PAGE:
Coiba national park conceptual Design


The Ministry of Environment of Panama (MiAmbiente) enlisted the help of DIAZ DIAZ to create site plans, architectural concepts, and design guidelines for three locations on Coiba Island. A national park and UNESCO World Heritage Site, Coiba is one of the most exotic destinations in the Pacific realm of the Americas. Home to a penal colony for much of the past century, Coiba was spared from any development and now offers visitors a pristine ecosystem of primary rainforests and rare land and marine wildlife.

The site plans and design guidelines set a roadmap for future development. The intent is to create an architectural strategy that enhances rather than detracts from the unspoiled beauty of Coiba. In search of this symbiotic relationship, the site plans and design guidelines require low-impact development, native interventions, and passive technologies in order to cultivate a built-environment that is honest, resilient, and low-maintenance.

The site plans and architectural concepts include new visitor facilities for the existing station at Gambute, historic preservation guidelines for the ruins of the penal colony, and park ranger dormitories at Machete Beach. Where possible, the site plans make use of previously developed zones in order to preserve the existing hydrological and geological conditions and minimize the impact of new construction.


san lorenzo

national park facilities


San Lorenzo National Park is a protected forest and historic site in Colon, Panama. Located along the Chagres River, San Lorenzo was once Panama’s main Atlantic port. Fort San Lorenzo, built in 1587 by the Spanish to protect the port from pirates, is now a UNESCO World Heritage Site.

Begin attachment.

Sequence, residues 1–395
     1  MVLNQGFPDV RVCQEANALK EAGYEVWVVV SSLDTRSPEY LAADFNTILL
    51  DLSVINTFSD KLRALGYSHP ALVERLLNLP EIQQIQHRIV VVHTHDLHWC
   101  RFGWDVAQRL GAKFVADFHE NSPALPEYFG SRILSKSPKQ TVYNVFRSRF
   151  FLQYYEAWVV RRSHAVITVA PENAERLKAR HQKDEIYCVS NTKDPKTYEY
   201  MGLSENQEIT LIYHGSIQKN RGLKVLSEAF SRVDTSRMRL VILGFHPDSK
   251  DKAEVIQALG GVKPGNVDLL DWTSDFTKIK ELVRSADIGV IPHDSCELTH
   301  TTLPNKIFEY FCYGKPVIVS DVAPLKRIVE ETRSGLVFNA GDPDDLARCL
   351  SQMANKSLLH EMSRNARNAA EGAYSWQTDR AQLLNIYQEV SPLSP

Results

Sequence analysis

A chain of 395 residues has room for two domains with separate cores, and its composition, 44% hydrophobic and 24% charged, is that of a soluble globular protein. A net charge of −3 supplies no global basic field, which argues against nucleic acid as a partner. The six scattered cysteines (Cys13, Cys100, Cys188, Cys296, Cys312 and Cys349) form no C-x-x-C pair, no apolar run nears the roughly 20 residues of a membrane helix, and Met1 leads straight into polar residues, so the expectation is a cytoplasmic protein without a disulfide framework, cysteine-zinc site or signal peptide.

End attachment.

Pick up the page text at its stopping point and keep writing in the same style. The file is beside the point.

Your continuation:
The Ministry of Environment of Panama (MiAmbiente) chose DIAZ DIAZ to help in the design process and technical specifications of new park facilities in three sites within San Lorenzo. The new facilities include a visitor center, park ranger dwellings and offices, as well as a beach campsite with bathrooms.

After conducting an analysis of the three sites, DIAZ DIAZ provided design feedback as well as a full set of architecture, interiors, and furniture specifications. The technical specifications were developed using MasterSpec, a specification system developed by the American Institute of Architects (AIA). The specifications took careful consideration of the historical and environmental significance of the national park, and included strict sustainable energy, wastewater, and solid waste management requirements.


La yeguada Forest reserve 

public use Plan


La Yeguada Forest Reserve, located in Veraguas Province, Panama, is an extensive wooded area that is home to various tree species including cedar and guayacanes. The reserve is situated on a massive, active volcano that last erupted in the Ice Age. At the base of the volcano, streams and waterfalls feed into Laguna La Yeguada, which provides a natural water source for the valley’s diverse flora and fauna species. In recent years, this lush habitat has become a local favorite for hiking and camping.

DIAZ DIAZ was selected by the Fundación NATURA and the Ministry of Environment of Panama (MiAmbiente) to develop the Public Use Plan for La Yeguada Forest Reserve. As the guiding principle, the Public Use Plan views tourism as a crucial component of conservationism. When properly planned and managed, tourism to protected areas provides both public awareness and income for conservation efforts. With this in mind, the Public Use Plan sets use and capacity restrictions, site planning, and guidelines so that tourists can responsibly visit the reserve while preserving the health the ecosystem.



Metropolitan Natural Park Butterfly Sanctuary 


DIAZ DIAZ was contacted to design an addition to the Metropolitan Butterfly Sanctuary, located in Panama City’s Metropolitan Natural Park. The existing facility, adapted from a used shipping container, had outgrown its current space and faced accessibility and circulation problems due to its increased popularity. 

The addition designed by DIAZ DIAZ provides a new main entrance and circulation path that streamlines visitor flow. New indoor exhibits, classrooms, and research labs were also added to improve the visitor experience and make the attraction more viable.

The design makes use of the very narrow footprint by combining the circulation path with the exhibit space. The front facade incorporates operable panels made with wood frames and colored string that replicate the patterns found on butterfly wings. The operable panels also allow for natural ventilation and sun shading for improved indoor thermal comfort. 

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Costa del Este, Panamá.

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